Gubbay left school at 16 and went to be articled to his father, who ran a one-man accountancy practice in the West End. After eight months, Gubbay was six months behind with the obligatory correspondence course and "had an inkling that maybe I wasn't cut out for this kind of thing". This was, he says, "a big disappointment" to his father. But his father now lives in a bungalow in the grounds of Gubbay's house and so has in all likelihood got over it. "And those months probably did stand me in good stead. I learnt how to use a calculator."
After accountancy, he went and worked for Pathe Newsreel in Wardour Street, joining in the week of Kennedy's assassination. Sometimes, he would go out on location and assist the cameraman by holding a lamp.
"But my main job there was to read the newspapers every day and find stories for the newsroom. Most of the things I was coming up with were about theatre and television, which they saw as great rivals to the cinema. So I don't think I placed a single story on Pathe Newsreel. I was out of synch with their feelings."
His next job was with the concert promoter Victor Hochhauser. The interview was brief: "He said, `Where did you go to school?' I said, `Hampstead.' He said, `Are you a Jewish boy?' I said, `Yes.' He said, `Can you start Monday?' " (Hochhauser's office, incidentally, in a kind of parallel with Gubbay's, was over a store selling fridges.)
"We'd ring up Ibbs & Tillett, who were the big agents in those days, and they would quote a fee for somebody for a Sunday night concert, and we would beat them down a bit, get it down to 40 guineas. And you would hear Victor screaming through from his office: `Offer them pounds!' "
Hochhauser was loud and populist. Gubbay worked with him for "10 months, 28 days and 12 hours. That was all the time I could tolerate the way of working there." But it was a crash course in the trade. He learnt that classical concert promotion was "not a genteel business and never has been. It's a bit more genteel than pop and rock but it still isn't genteel."
Gubbay set up on his own in 1966. He had a tiny office in a former brothel in Oxford Street and some part-time secretarial help. His first concert promotion - a night of Gilbert & Sullivan at the Theatre Royal, Bury St Edmunds - coincided inauspiciously with the Aberfan mining disaster. "We had the vicar on the stage beforehand." But he prospered rapidly. He soon had a colleague, Bob Jolley, who is now his partner, and had built up the business to 150 concerts per year by the early Seventies.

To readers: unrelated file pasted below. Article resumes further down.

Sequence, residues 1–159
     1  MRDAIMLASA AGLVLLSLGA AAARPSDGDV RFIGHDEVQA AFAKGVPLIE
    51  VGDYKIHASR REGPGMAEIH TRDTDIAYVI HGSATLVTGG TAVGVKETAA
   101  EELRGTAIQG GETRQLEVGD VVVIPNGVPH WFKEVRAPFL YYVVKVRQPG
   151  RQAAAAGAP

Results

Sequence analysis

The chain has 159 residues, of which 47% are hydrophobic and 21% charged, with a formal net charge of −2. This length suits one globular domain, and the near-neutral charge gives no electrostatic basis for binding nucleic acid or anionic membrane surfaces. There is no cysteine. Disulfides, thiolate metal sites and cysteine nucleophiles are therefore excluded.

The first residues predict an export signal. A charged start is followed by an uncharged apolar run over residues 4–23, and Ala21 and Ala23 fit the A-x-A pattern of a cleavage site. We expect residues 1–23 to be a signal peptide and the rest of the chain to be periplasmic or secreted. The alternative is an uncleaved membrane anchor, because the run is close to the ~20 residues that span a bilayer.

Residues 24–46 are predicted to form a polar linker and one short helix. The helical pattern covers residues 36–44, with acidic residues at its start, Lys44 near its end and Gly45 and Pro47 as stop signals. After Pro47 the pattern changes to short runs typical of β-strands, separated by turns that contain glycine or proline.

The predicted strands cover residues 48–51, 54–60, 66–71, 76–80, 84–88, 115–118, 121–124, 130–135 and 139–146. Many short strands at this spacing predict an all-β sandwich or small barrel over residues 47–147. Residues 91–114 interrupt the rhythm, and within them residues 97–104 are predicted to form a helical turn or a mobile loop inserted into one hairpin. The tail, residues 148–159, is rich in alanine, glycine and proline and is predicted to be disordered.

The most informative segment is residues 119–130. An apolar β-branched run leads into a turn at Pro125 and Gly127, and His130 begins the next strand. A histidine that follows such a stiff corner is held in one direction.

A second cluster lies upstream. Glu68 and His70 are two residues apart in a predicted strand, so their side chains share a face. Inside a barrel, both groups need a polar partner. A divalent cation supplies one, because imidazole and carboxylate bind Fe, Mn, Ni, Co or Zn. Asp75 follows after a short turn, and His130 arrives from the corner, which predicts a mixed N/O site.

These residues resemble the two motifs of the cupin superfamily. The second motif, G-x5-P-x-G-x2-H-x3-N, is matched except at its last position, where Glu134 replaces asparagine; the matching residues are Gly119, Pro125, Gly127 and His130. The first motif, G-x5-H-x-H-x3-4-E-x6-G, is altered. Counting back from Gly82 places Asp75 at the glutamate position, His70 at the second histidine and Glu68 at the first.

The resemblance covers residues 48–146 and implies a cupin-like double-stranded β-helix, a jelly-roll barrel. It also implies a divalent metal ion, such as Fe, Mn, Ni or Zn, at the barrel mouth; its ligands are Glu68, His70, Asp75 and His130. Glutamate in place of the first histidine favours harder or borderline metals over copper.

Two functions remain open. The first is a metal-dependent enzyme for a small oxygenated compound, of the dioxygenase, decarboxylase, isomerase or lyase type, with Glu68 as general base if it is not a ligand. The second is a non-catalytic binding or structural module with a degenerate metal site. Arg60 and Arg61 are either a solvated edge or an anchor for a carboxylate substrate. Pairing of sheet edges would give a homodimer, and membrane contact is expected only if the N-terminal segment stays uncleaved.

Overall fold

There have been a couple of shaky moments - in particular a disastrous attempt to transfer a production of Iolanthe into the West End. But in Gubbay's office, the photographs hung on the walls and clustered in stand- up frames on a side-table attest to a larger number of good times. Here's Carreras. Here's Victor Borge. Here, somewhat incongruously, is Gubbay at a boxing night with Henry Cooper. Here's Aled Jones, to whom Gubbay refers with awe as "the boy wonder. We had to do extra shows in the morning to cater for the demand. That was a unique talent."
And here's Pavarotti giving a masterclass at the Barbican. "We got in a dozen chairs for him to consider using on stage - thrones, antique chairs, all sorts. He laughed when these were paraded before him and produced from his bag a travelling stool which he screwed together and used instead." And here, clutching a concert programme, is John Major. "I've only got that there to prove that he did actually come to Turandot, because it was unusual to see him at anything cultural."
At his most philosophical, Gubbay will argue that his work in opening up a snobbery-riven world has a kind of educational purpose. He concedes that "it's difficult to convert people from listening to their favourite bits to going and sitting through the whole opera". But that's not to say they can't go on from here. "They won't get all the lights and lasers, but maybe they'll enjoy a straight programme."
Critics remark that he is one of the most powerful men in classical music and so could make another kind of name for himself if he committed himself in some measure to promoting unknowns, or rising stars. This, though, is not as easy as it sounds. Precisely because Gubbay is known to be a mass-exposure merchant, agents steer their precious young charges elsewhere. And thus the snobbery circles.
He's planning a big number for this Christmas. ("We're already singing the carols in the office.") And, in June, his name is on the tickets for four concerts marking the 50th birthday of the big-name violinist Itzhak Perlman. Perlman will play Beethoven, Brahms, Mozart, Tchaikovsky, all popular, solid stuff. The advertisements inform you that you can book all four concerts for the price of three and get a free Perlman CD. The CD is called (Gubbay, one feels, would approve) Bits and Pieces.Reuse content